Willets Point Property Owners Vow to Continue Legal Challenge Against City
Thursday, March 03, 2011
Property owners in Willets Point, Queens, under threat of losing their land by eminent domain as the city makes way for a redevelopment of the area, vowed to reopen a legal case they lost last year.
At an emotionally charged public hearing in Flushing Wednesday, property owners and their attorneys said the city has reneged on a legally binding promise not to take over land without state and federal approval for new highway ramps to alleviate traffic in the area.
Tom McKnight, who oversees the Willets Point project at the city’s Economic Development Corporation, testified at the hearing that the city was proceeding to redevelop the 62-acre site in phases due to current economic conditions. He said the ramps would not be completed during the first phase because other infrastructure needs, such as cleanup of the contaminated site and adding sewer and water lines, take higher priority.
“The completion of the new connections to the Van Wyck Expressway is not necessary for the initial development phase and thus may be deferred until after completion of phase one,” said McKnight.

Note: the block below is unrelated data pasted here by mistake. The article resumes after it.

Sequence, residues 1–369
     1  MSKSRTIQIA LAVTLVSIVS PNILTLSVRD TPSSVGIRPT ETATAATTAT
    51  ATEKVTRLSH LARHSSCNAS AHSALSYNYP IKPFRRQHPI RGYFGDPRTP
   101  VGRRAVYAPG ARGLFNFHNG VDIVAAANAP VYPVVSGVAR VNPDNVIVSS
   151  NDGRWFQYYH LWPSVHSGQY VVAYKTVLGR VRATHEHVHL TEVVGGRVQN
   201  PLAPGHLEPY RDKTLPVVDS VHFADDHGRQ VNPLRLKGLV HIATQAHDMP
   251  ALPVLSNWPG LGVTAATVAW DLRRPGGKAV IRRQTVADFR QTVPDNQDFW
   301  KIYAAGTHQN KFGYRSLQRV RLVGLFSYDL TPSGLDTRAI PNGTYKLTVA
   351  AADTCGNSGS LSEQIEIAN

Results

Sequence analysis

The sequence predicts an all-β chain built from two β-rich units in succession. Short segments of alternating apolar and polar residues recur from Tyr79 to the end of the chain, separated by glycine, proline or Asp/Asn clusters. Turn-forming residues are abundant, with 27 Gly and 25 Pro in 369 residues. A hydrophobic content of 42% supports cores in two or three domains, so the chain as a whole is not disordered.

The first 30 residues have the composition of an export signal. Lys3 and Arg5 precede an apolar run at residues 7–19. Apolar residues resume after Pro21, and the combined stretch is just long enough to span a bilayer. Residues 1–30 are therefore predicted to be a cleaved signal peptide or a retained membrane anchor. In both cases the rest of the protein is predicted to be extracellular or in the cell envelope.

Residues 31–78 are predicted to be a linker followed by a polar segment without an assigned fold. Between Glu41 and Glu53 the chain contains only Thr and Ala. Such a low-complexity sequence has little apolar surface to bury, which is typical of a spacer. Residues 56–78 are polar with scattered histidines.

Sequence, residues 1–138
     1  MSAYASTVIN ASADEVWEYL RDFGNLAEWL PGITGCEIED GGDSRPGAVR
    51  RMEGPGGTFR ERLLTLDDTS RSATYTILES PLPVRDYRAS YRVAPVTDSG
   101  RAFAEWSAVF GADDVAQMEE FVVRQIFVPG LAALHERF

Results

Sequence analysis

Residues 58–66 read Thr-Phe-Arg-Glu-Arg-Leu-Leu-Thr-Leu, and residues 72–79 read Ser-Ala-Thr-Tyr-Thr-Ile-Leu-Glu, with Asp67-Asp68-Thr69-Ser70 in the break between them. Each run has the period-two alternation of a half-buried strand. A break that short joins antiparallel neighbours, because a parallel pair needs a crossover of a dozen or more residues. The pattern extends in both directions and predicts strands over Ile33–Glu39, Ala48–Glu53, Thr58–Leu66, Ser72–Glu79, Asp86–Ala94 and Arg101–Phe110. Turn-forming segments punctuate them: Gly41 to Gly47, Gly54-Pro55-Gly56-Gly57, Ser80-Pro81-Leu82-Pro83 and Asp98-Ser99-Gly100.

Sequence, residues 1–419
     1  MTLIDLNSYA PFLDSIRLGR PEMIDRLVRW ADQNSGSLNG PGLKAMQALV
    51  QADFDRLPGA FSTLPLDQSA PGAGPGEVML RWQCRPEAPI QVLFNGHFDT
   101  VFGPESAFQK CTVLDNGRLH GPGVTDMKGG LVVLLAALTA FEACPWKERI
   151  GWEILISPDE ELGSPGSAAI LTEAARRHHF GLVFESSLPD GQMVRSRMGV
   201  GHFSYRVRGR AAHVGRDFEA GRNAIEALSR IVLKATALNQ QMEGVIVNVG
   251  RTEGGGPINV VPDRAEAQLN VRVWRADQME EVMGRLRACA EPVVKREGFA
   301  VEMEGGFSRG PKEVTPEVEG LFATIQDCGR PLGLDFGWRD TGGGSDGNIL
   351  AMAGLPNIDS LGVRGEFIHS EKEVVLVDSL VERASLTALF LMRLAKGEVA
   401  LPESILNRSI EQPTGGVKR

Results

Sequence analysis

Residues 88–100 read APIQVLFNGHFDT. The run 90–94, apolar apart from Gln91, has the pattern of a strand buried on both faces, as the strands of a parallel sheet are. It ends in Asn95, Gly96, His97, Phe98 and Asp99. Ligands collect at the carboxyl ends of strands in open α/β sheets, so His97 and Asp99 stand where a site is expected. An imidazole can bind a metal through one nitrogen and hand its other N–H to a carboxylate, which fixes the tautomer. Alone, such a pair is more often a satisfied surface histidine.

That’s where the city violates a binding pledge it made last summer to a state judge, said Michael Gerrard, a lawyer representing a number of business owners. He added that the city’s new plan to build in phases is impermissible without additional environmental impact reviews, and he was seeking to reopen the case in the state Supreme Court.
In addition to the ramps issue, many business and property owners criticized the city’s plan to acquire privately owned property by eminent domain, if necessary, for what they say is a private project. Janice Serrone said property owners like her have not gotten a fair shake from the city in the long neglected neighborhood.
"The developers are going to get a 30-year tax abatement, meanwhile we've been paying taxes for 30 years and have gotten absolutely no services," said Serrone. "Give us our streets and sewers and we'll continue to pay our taxes and develop what rightfully belongs to us."
But backers of the plan, including representatives of business groups, labor unions and environmental advocates, emphasized the economic and environmental benefits at the Wednesday hearing. Dan Hendrick with the New York League of Conservation Voters said the project is the neighborhood’s best chance to get cleaned up.
“The simple fact of the matter is that every day that the contamination is allowed to remain underneath Willets Point, is another day that Flushing Creek and Flushing Bay are made worse,” said Hendrick.
“Rather than wasting time pointing fingers of blame as to how that condition was allowed to develop, we need to stay focused on the unique economic development opportunities this area allows,” said Jack Friedman, executive vice president of the Queens Chamber of Commerce.
Wednesday's public hearing was the only one legally required by the state’s eminent domain procedure, but the public has until March 18 to submit written comments.